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We’re at the halfway point of 2013.  Here’s your regular poetry news round up. My pleasure.

A Poem for Madiba

As South Africans come to term with Nelson Mandela‘s recent deterioration in health, a Pretoria priest, Father Victor Phalana, has put his love and sense of loss for Mandela into a poem.

Mandela has been in the Mediclinic Heart Hospital for four weeks now and remains in a “critical but stable” condition. Here is an extract from Father Victor’s poem, which you can also read in full here:

“We are busy with your last paragraph and your last chapter

We have started to mourn and grieve as you melt away

We are anxious and worried; we are paying our respects,

We say Goodbye.”

Nelson Mandela Photomosaic [Source: Flickr Creative Commons © MastaBaba]
– Nelson Mandela Photomosaic
[Source: Flickr Creative Commons © MastaBaba]

Poets ARE Fighters

A Israeli soldier was banned from reading his poetry out on the radio because officers said it would “ruin the image of the combat soldier.” Cue much media outrage.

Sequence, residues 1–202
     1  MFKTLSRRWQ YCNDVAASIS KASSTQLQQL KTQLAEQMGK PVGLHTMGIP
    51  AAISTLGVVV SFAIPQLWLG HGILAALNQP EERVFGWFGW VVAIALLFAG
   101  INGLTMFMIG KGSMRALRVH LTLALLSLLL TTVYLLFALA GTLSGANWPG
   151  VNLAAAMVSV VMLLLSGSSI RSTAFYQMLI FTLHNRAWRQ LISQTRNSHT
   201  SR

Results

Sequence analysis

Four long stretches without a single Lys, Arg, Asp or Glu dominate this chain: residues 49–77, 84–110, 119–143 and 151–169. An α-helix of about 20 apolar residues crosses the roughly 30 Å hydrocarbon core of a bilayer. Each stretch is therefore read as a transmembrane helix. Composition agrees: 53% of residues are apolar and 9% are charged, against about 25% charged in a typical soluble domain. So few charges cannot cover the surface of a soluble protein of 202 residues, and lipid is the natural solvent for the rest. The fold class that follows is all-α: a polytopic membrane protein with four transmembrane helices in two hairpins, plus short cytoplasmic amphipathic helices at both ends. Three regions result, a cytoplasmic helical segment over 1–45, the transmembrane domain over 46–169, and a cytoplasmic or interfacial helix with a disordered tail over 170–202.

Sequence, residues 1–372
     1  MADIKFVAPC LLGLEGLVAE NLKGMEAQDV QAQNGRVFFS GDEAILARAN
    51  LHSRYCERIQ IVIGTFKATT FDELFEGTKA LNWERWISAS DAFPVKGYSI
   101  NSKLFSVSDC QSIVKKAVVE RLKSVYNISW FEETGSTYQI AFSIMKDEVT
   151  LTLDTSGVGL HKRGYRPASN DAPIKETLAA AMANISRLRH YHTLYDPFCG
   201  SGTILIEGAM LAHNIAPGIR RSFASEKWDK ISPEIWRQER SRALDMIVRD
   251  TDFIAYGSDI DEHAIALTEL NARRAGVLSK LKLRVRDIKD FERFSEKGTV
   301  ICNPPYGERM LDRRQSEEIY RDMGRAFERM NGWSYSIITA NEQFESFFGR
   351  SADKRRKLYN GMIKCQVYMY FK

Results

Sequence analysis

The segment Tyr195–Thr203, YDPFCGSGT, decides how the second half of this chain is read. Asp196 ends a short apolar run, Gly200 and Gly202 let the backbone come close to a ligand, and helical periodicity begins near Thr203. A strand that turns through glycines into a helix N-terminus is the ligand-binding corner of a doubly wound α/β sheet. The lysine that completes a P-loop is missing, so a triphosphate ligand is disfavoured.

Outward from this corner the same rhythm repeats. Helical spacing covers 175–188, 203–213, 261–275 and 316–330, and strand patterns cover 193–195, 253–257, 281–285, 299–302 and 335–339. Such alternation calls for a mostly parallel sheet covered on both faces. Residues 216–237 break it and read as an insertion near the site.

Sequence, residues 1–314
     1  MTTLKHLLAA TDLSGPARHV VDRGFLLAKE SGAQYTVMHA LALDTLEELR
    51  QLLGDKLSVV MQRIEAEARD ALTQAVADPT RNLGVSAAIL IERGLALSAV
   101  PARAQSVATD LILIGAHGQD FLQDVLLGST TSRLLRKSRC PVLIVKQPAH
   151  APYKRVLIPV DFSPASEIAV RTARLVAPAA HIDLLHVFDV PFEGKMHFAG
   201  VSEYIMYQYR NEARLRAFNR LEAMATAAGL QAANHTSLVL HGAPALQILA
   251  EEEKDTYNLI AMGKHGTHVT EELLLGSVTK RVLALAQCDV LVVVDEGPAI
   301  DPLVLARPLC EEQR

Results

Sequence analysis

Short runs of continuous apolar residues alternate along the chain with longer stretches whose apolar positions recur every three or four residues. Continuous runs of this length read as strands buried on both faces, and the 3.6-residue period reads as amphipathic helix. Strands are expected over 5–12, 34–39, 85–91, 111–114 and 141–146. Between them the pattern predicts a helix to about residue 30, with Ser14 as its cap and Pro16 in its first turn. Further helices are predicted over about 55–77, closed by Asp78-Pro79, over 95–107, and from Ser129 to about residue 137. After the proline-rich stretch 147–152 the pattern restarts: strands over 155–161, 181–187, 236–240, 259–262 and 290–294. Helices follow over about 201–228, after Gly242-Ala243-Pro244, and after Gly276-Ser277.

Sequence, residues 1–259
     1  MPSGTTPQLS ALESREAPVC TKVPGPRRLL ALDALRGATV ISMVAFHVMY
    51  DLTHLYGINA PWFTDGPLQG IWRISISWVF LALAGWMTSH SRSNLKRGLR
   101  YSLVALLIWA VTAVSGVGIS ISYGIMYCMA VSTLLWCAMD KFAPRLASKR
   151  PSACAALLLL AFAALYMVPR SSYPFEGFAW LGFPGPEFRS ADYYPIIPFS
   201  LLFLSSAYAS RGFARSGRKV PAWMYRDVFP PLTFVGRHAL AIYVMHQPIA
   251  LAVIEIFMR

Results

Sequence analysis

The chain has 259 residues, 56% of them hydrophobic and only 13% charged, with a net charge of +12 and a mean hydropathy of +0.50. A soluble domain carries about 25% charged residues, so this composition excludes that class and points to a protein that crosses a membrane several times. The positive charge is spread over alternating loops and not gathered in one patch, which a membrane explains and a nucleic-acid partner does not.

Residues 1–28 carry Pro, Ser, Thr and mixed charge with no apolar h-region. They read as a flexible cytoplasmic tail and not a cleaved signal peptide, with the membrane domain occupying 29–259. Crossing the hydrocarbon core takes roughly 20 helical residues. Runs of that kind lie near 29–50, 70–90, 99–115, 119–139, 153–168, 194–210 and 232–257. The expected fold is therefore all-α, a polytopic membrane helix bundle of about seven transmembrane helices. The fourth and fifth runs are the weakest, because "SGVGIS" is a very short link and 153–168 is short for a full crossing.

As The Independent pointed out, “Can anyone really say that John McCrae was a wuss when he wrote ‘In Flanders Fields’ and before dying of pneumonia on a French battlefield in 1918?”

An Unfortunate Poem…

Vladimir Putin appointed a new Economy Minister, Alexei Ulyukayev – who it was recently revealed wrote a poem two years ago urging Russians to leave the country and seek freedom. The poems begins: “Get out, my son, get out of here.”

Natasha still going strong

The US poet laureate, Natasha Trethewey, has been reappointed for a second one-year term. According to mail.com, in her second term she will collaborate with PBS senior correspondent Jeffrey Brown and the NewsHour series of reports about poetry and society from around the country.

US Poet Laureate, Natasha Trethewey [Source: Flickr Creative Commons © WTPfefferle]

US Poet Laureate, Natasha Trethewey
[Source: Flickr Creative Commons © WTPfefferle]

A Trip to Canada

The 2013 Griffin Poetry Prize in Canada was won by David McFadden and Palestinian poet Ghassan Zaqtan. However, before the ceremony, Zaqtan had initially been the subject of refusal for a visa when Canadian authorities said the reason for his visit was “unconvincing.”

This unleashed a social media storm, with the likes of the novelist Margaret Atwood weighing in with their support. Happily, within 72 hours the visa was granted.

Book Releases

Here are a couple of highlights from the poetry books published during June.